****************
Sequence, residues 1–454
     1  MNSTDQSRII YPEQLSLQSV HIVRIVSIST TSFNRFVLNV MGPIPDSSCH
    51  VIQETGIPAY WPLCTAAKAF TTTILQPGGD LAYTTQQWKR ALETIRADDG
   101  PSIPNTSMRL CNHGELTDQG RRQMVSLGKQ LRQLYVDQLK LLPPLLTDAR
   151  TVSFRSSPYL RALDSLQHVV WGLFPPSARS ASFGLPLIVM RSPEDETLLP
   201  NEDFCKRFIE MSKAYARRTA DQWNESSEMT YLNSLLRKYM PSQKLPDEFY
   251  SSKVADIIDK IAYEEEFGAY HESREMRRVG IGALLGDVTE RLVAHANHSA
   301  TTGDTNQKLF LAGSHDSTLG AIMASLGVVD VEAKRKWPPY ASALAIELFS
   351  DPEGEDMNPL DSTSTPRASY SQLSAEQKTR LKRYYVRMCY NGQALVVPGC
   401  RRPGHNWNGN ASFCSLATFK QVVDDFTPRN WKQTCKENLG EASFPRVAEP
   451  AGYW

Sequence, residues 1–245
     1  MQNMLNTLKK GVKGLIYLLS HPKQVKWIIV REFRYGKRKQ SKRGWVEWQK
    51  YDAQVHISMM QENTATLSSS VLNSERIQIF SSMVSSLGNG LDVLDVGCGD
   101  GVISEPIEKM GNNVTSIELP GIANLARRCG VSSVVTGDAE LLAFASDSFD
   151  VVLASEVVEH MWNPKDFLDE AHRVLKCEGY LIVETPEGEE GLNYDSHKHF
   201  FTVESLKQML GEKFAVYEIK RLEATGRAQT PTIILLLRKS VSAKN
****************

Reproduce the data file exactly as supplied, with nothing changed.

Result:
Sequence, residues 1–454
     1  MNSTDQSRII YPEQLSLQSV HIVRIVSIST TSFNRFVLNV MGPIPDSSCH
    51  VIQETGIPAY WPLCTAAKAF TTTILQPGGD LAYTTQQWKR ALETIRADDG
   101  PSIPNTSMRL CNHGELTDQG RRQMVSLGKQ LRQLYVDQLK LLPPLLTDAR
   151  TVSFRSSPYL RALDSLQHVV WGLFPPSARS ASFGLPLIVM RSPEDETLLP
   201  NEDFCKRFIE MSKAYARRTA DQWNESSEMT YLNSLLRKYM PSQKLPDEFY
   251  SSKVADIIDK IAYEEEFGAY HESREMRRVG IGALLGDVTE RLVAHANHSA
   301  TTGDTNQKLF LAGSHDSTLG AIMASLGVVD VEAKRKWPPY ASALAIELFS
   351  DPEGEDMNPL DSTSTPRASY SQLSAEQKTR LKRYYVRMCY NGQALVVPGC
   401  RRPGHNWNGN ASFCSLATFK QVVDDFTPRN WKQTCKENLG EASFPRVAEP
   451  AGYW

Sequence, residues 1–245
     1  MQNMLNTLKK GVKGLIYLLS HPKQVKWIIV REFRYGKRKQ SKRGWVEWQK
    51  YDAQVHISMM QENTATLSSS VLNSERIQIF SSMVSSLGNG LDVLDVGCGD
   101  GVISEPIEKM GNNVTSIELP GIANLARRCG VSSVVTGDAE LLAFASDSFD
   151  VVLASEVVEH MWNPKDFLDE AHRVLKCEGY LIVETPEGEE GLNYDSHKHF
   201  FTVESLKQML GEKFAVYEIK RLEATGRAQT PTIILLLRKS VSAKN